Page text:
Business Continuity: Planning for Snow Days...In Summer

Business Continuity Plan for Bad Weather

Not to depress anyone...but it might be snowing soon in some places in Alaska.

Why do we care...other than empathy?

In 2016, a Massachusetts government report on Boston's record-setting 2015 winter laid out the substantial employer costs of snow: hospitals that had to tap dance to make sure they were staffed; businesses that were shuttered; employees snowed in with children; overall economic losses of roughly $250 million per blizzard-closing day.

Some of this was, of course, the inevitable fallout of 100 inches of snow in a few weeks. But no doubt, some businesses fared better than others. For those able to preserve precious business continuity, it came down to being prepared and having a business continuity plan.

A Business Continuity Plan that Works Year Round

While healthcare providers and emergency responders need to be especially cognizant of emergency plans, these are things that should concern anyone who has a bottom line they'd like to protect. In 2011, having a child care center with dedicated back-up capacity was critical to getting ESPN on the air during a blizzard.

And weather emergencies don't just pertain to Massachusetts - or for that matter, just to snow. Just ask anyone in Colorado during the 2013 floods.

So what do businesses need to think about to be ready for weather?

Where will your people work?

It may seem obvious that in a natural disaster, people would work from home. But in workplaces that don't typically offer such arrangements, there can be a lot of hemming and hawing as employees try to figure out what to do. That expends energy...and time. In Boston, for example, only 4% of employers who responded to the above Massachusetts report said they typically allow employees to work at home; but during the deluge, nearly half did so. Having a procedure in place ensures that, even from home, people start working in a timely fashion.

How will they get information?

Do you have a chain of command for how people are notified of crisis plans? If you don't, you should. At Bright Horizons, we have a director of business operations who monitors the weather, keeps in touch with property management to let us know if our building is closed, and lays out the general plan for those who may not be able to get into the office. The information not only enables people to stay in place when necessary, but gets people online and working much faster than if they were left to guess.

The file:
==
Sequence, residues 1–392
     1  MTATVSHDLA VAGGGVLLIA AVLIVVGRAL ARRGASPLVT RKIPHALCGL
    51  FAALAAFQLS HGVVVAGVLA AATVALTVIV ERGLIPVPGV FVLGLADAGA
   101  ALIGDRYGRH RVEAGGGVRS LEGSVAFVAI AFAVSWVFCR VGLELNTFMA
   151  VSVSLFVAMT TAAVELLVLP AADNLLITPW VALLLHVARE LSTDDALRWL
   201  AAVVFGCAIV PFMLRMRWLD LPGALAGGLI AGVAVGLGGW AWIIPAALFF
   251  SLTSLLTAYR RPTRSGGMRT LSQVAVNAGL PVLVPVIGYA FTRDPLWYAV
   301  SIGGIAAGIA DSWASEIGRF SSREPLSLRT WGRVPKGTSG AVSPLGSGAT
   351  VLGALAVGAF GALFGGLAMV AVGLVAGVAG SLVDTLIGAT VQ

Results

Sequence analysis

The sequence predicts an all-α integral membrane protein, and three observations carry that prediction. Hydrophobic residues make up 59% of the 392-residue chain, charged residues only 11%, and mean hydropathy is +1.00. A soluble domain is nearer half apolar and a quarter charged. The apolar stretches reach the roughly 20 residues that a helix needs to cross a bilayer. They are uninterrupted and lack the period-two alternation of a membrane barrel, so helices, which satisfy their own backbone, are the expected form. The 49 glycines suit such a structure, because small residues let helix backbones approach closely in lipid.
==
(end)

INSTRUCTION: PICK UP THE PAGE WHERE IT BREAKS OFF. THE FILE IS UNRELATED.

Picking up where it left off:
What happens if the kids don't have school?

If you've got working parents, you've got people trying to figure out how to get to work when children have a snow day. This isn't just about impassable roads; in 2014, Chicago closed schools multiple times because of extreme cold; suburban schools often stay shuttered when snow-covered sidewalks make it too dangerous for walkers. In both cases, as proven during any number of storms, including Hurricane Sandy, parents could have worked if they had a way to find care for their children in a hurry. Hunting for a sitter at zero hour is impractical ; and probably destined to fail. Employees need a back-up care service they can count on to find care in a pinch...and employers should provide it. Those who do ensure business is up and running...even when others aren't.

Planning for Snow Days...In Summer

So why talk about snow...when it's 97 degrees? Because you never know when you're going to be surprised. In 2011, the northeast was stunned by a snow-closing blizzard - in October. In late January 2015, a Boston weather station asked sadly, "Where's the snow?" - right before the first blizzard dumped two feet.

Most important, you never want to try to dig your way out of a disaster when you're in one. Last February, in the midst of the snow deluge, Boston residents went to the store (again) for batteries, bread, and milk.

The one thing they couldn't find anywhere...was a shovel.

So for organizations, the message is - have a business continuity plan. Enjoy the waning days of summer.  

Written by: Lisa Oppenheimer

About the Author

Lisa Oppenheimer at Bright Horizons

As Director, Brand Storytelling at Bright Horizons, Lisa writes “from the trenches” about the real life challenges of people in today’s workplaces: from the tensions of being a working mother, to working with millennials in the digital age, and everything in between. With a career ranging from freelance to full-time, Lisa brings a diverse employment background to her perspective.